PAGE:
Thursday, June 13, 2013

Following Phish and Insane Clown Posse, Nathan Rabin Finds Much More in "You Don't Know Me, But You Don't Like Me."

Having read Nathan Rabin's previous works, his memoir The Big Rewind, and his collection of columns, My Year of Flops, I knew to expect almost anything from his new book. But when You Don't Know Me, But You Don't Like Me turned out to be about Phish and Insane Clown Posse, I turned a certain shade of green-not the envy kind, the slightly sick kind. The worlds of these groups didn't exactly intrigue me; they scared me.

We're thrilled to say that Nathan Rabin is coming back for his newest book, on Tuesday, June 25, 7 pm, in an event sponsored by WMSE 91.7 FM.

While I don't really listen to much music now, both bands had their first bouts of fame when I was a rather thorough fan, whose listening and chronicling was nothing short of obsessive. Despite this, I was pretty confident that I had not listened to a song from either band from start to finish. One was too trippy, the other too scary.

But then I stepped back and viewed everything from a different lens. As a reader, I have always been drawn to subcultures. One of my favorite Dan Savage books is Skipping Towards Gomorrah, where the author immersed himself into the world of gamblers, swingers, gluttons. I'm embarrassed and yet strangely proud to say that the only Howard Jacobson book I've read is his nonfiction book of Jewish subcultures, Roots Schmoots. And while I've never sat through a complete episode of "Little People, Big World", I still think about John Richardson's In a Little World, about the social world of little people and dwarfs.

Nathan Rabin, over the course of a couple of years, followed both acts on tour. He went to their festivals of Superball and The Gathering of the Juggalos. He met the followers and learned their stories. And in a sense, he became a follower. For while in previous years, he disparaged both bands without really knowing their music, he realized that you need to appreciate the music to avoid being the disparaging outsider journalist.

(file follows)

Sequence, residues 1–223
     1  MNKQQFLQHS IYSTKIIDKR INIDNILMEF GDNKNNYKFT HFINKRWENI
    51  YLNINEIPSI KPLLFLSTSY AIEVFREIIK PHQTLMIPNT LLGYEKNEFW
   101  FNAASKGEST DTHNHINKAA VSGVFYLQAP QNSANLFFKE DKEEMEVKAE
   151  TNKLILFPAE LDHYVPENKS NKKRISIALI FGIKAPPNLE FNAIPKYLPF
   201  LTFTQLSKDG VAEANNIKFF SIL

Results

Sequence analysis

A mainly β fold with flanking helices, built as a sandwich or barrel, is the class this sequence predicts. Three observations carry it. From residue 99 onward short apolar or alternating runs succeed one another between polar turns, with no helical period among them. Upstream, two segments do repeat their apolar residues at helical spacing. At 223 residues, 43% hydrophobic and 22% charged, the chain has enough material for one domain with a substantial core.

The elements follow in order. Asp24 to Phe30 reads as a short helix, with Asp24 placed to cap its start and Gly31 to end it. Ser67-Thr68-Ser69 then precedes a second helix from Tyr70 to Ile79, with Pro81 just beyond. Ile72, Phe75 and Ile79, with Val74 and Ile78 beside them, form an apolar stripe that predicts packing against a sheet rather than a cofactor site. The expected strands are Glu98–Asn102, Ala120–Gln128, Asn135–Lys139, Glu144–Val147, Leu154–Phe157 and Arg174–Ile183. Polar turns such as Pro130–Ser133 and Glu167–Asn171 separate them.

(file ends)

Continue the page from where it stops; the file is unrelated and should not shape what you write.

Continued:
The worlds of Phish and Insane Clown Posse (or ICP, for short) have some similarities that separate them out from, say, Rod Stewart fanatics. Theres the outsider status, and a strong drug culture element to following both bands. But mostly there's a philosophy inherent in each group's following.  There is a bit of cultiness about the whole thing, except that I think neither Trey Anastasio and Violent J had any interest in really being charismatic leaders.

On the other hand, there are dramatic differences to the two acts', their cultures, and their trajectories. For most of its career, Phish has been tolerated by the media, while ICP has been pretty much hated. The major labels worked very hard to break Phish, while ICP's major label contracts generally involved collecting the cash without much marketing effort. ICP was perceived as being racist, when there are specifically anti-racist references in their music. To Rabin, and it all comes down to class--Phish followers are generally societal haves while the Insane Clown Posse Juggalos are have nots. In just one example of the differences between the two acts' fan bases, there are several books available on Phish, but I can't find anything in print in the Ingram database on Insane Clown Posse.